Follow the formatting rules
If you're not sure of formatting rules when it comes to screenwriting, it's important to get up to speed. Deviations from formatting expectations is one of the fastest routes to script rejection.
Luckily there are a number of options open to you.
With screenwriting software, the "industry standard" is Final Draft. It's very good, but also costly, and it isn't evolving as quickly as some competitors. If you're serious, it's worth the investment though.
If you're just starting out, and don't relish such an outlay, there are a number of free and/or cheap alternatives available to choose from. We'll update this list as we test out new software, but to get you started:
- This is available for free as cloud based software, though there's a paid tier if you prefer that's increasingly popular with independent filmmakers.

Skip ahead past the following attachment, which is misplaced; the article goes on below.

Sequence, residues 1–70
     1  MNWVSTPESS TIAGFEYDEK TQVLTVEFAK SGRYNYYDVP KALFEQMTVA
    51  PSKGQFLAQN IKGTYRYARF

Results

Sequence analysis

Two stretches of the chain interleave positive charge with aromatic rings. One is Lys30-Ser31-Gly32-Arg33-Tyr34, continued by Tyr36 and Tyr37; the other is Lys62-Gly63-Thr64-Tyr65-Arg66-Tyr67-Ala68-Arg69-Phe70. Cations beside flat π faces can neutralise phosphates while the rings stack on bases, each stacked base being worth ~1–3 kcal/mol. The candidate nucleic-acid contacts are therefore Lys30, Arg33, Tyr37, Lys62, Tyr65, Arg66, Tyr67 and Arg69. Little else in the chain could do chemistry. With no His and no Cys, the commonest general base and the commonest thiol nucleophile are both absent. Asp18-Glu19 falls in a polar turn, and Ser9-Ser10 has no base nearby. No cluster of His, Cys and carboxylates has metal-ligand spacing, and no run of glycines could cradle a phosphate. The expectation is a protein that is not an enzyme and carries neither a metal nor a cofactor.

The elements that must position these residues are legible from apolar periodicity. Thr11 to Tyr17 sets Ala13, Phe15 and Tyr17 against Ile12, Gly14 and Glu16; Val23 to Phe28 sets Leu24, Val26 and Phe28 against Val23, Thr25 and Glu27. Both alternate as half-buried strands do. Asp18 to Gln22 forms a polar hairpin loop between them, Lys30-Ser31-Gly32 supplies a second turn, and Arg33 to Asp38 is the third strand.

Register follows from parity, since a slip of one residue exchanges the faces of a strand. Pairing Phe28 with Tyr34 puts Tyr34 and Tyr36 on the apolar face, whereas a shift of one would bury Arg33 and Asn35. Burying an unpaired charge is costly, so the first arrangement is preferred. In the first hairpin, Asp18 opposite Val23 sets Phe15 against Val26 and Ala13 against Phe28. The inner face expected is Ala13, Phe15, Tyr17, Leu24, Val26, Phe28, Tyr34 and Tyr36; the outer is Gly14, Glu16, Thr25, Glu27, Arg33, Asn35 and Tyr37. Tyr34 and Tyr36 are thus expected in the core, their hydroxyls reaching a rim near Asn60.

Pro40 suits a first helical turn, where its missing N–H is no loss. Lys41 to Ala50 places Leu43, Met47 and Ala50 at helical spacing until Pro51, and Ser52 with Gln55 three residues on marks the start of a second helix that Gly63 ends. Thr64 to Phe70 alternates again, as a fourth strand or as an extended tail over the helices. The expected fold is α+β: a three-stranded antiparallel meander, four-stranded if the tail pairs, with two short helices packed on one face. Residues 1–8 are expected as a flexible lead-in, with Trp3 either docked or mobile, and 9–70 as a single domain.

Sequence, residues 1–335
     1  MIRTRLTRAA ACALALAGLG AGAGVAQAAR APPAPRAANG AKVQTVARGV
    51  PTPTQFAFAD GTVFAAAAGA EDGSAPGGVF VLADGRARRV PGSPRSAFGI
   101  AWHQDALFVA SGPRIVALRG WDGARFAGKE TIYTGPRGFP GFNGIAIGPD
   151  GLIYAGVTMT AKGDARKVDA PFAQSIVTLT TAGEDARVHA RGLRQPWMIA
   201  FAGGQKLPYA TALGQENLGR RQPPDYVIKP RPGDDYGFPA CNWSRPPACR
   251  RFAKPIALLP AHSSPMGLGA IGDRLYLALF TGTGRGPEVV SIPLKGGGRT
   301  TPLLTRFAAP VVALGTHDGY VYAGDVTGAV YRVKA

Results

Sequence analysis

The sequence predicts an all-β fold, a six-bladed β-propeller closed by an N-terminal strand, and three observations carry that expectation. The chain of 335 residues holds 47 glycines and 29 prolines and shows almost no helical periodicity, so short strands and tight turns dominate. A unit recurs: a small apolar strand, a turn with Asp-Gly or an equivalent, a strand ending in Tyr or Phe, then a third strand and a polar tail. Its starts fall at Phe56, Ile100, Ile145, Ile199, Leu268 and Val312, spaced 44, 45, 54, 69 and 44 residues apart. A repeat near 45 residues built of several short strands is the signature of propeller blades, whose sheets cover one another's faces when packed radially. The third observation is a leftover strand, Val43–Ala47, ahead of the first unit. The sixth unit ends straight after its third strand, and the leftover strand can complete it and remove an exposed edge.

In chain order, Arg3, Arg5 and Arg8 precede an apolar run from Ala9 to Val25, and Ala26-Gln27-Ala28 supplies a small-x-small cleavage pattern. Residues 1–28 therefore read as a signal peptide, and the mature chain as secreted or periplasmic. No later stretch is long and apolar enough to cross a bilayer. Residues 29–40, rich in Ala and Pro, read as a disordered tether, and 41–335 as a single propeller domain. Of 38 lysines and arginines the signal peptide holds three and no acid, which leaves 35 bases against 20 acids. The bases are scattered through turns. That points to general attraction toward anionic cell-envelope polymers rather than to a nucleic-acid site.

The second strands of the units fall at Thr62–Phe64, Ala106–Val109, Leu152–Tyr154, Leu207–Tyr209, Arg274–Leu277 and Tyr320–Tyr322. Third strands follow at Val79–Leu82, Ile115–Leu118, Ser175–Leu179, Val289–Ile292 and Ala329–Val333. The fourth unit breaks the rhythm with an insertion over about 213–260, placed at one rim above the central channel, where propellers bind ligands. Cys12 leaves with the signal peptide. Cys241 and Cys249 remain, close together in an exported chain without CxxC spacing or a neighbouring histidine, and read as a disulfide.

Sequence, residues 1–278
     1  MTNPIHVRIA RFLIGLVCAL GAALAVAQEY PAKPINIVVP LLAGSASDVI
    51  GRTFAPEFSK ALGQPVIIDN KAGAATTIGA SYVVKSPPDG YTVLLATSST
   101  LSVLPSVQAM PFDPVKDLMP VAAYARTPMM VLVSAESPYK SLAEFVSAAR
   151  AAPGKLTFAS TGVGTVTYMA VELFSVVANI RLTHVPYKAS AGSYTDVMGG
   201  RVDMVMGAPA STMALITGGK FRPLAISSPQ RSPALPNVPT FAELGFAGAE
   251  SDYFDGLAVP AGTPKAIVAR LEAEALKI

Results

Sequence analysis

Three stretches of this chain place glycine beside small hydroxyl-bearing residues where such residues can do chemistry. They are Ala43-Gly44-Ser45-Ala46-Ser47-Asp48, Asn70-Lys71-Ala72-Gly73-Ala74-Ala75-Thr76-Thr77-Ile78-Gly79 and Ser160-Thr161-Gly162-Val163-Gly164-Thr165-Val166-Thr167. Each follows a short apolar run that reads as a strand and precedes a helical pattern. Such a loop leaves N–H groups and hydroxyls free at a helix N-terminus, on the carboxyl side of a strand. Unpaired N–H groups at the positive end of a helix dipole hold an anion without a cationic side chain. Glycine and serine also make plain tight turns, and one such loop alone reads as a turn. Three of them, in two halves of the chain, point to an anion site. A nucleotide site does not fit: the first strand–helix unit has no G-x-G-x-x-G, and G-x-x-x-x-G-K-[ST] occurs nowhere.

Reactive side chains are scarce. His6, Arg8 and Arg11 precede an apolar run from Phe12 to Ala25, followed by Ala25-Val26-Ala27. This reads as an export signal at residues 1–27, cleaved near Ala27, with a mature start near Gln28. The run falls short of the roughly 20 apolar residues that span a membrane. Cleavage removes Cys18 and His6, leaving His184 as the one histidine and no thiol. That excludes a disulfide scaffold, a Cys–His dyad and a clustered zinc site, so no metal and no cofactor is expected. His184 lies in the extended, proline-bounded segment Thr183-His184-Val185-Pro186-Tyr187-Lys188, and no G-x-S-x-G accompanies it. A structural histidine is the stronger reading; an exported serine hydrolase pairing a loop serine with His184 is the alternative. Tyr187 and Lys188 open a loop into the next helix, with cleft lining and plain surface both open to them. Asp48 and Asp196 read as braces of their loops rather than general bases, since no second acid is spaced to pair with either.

- For Windows users, the cloud is the only option, but Mac users can purchase a standalone copy of Celtx via the Mac App store for a reasonable price.
- Cloud based, with a free option, Adobe Story also has a paid tier that integrates it with other Adobe products.
- If you're familiar with Adobe's Creative Cloud software this has a similar aesthetic. It perhaps isn't as intuitive as it could be.
- If you're an iOS user, Final Draft is available for the iPad and iPhone. It's workable, and considerably cheaper than the desktop version, but not as effective. Great for if you're on set, but not recommended for extended, constant use.
Use at your own risk
In a pinch you can use the following format guides to work in a word processor.
It's important to note that using a word processor to write a screenplay should be a last resort. Many industry members won't read a script if it wasn't written in accepted screenwriting software. In short: writing in a word processor means even the best script risks being discarded